All business owners will have to deal with their customers and clients, as well as any other company that may provide your business with needed services or supplies. But, the amount of time spent with others will be very different for a personal trainer, versus for a freelance writer.

Do you want your self-employment to keep you in the company of others most of the time? Or, would you rather talk to others long enough to get the contract, and then go on to do the job on your own? Some have a skill for dealing with other people, and some are at their best when they can work solo. Choose the type of business that is in sync with your personal nature.

Do you tend towards the artistic, the scientific, or a combination of both?
Let's say you've narrowed down your passion to flowers; you just LOVE flowers. Okay, that's a start. So, what do you want to do with flowers? Someone with a good eye for color and design may choose to start a floral business to sell beautiful arrangements for weddings, parties, hotels, and offices. Growing the flowers may be right for someone who pays attention to scientific details, such as the right time to plant, fertilize, prune or thin, harvest, and how to control disease and pests. Someone else may find their perfect flower business as a wholesaler, the middle-man who buys the flowers from the growers to sell to the florists.

Research your market thoroughly before settling on your chosen business.
Who will use your product or service? Will your product or service be aimed at people of a specific gender, age group, income level, or location? Will it target those involved in certain activities? Know who will use your product or service before you try to sell it. You may have the greatest idea ever, but it cannot make money for you if you can't locate the people who will need it. Also, know how your competitors are doing. Are their businesses booming? If so, there may be room for one more business doing what they do.

For example, it's hard to get last-minute mowing service in my area since many of them are already too busy; a new lawn care company would likely be welcomed. On the other hand, you would be smart to stay out of an already saturated market, if your future competitors are slashing prices and bending over backwards to lure in new customers. Also consider the general market direction. Is your chosen business recession-resistant? Or will your business provide a luxury that may be the first thing consumers cut when times get tougher?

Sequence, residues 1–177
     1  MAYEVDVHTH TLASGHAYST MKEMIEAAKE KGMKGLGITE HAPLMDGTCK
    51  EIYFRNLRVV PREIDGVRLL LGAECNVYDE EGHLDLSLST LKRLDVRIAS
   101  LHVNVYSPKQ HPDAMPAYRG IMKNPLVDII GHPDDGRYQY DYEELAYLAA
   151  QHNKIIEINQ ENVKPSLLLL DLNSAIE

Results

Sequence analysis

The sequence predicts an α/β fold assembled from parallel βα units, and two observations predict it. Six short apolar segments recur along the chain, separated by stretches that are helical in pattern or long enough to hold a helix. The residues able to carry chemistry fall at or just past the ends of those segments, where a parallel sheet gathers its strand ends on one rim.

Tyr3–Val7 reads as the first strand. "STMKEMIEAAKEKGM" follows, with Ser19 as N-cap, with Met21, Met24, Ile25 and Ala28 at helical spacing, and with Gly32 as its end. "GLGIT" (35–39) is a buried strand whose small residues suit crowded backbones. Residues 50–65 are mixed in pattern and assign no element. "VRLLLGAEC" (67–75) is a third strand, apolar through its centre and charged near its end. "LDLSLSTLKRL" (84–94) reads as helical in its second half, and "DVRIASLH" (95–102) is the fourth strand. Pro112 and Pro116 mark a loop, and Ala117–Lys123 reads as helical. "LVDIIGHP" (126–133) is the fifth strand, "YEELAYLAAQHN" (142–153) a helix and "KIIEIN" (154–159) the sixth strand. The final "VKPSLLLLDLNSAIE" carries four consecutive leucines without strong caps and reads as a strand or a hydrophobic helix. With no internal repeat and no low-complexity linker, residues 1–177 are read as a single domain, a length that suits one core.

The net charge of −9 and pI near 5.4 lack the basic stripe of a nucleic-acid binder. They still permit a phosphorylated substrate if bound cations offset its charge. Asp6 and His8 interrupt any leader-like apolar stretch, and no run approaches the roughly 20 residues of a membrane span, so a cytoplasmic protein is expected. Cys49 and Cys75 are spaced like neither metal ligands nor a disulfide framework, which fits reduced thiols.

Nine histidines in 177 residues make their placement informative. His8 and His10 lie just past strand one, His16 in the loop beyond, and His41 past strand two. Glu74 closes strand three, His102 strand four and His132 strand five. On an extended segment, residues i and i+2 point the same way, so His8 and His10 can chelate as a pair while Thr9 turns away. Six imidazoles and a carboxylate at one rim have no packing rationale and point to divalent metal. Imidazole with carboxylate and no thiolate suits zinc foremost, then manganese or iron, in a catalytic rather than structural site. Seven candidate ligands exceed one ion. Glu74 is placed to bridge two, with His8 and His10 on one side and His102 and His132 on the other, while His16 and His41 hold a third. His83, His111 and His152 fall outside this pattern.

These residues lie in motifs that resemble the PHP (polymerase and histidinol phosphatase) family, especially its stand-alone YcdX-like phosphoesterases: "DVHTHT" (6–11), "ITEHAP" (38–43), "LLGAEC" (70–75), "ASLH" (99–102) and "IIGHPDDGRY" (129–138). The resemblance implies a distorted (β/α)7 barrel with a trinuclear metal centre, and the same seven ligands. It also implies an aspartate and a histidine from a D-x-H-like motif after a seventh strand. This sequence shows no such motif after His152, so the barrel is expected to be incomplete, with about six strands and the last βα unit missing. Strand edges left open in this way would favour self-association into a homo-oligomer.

And, the final answer will often come to money.
Do you have the funds needed to make your dream a reality? Will you be using all of your savings, getting a loan, and possibly receiving help from investors? The road to self-employment can hit a dead end if you don't go in with a realistic expectation of your actual start-up costs. In the case of limited funding, it may be neccesary to start smaller to alleviate some of the financial burden of starting your own business, and then grow it into what you want it to be when the business begins to generate enough income for expansion.

For example, a part-time pet-sitting and dog-walking service's owner really wants to have a mobile pet grooming business, but he is beginning with a business that requires minimal start-up costs. He is building his customer base with the current services, and plans on buying the necessary vehicle and equipment when the business grows enough to support those expenses. Don't give up on your hopes of self-employment due to money issues. Find a route to get there, even if it means taking a short detour.
Love and Money - Comunication is Key
The Financial Side of starting Your Own Business
 

Comments

No comments made yet. Be the first to submit a comment
Guest
Monday, 14 October 2019

Captcha Image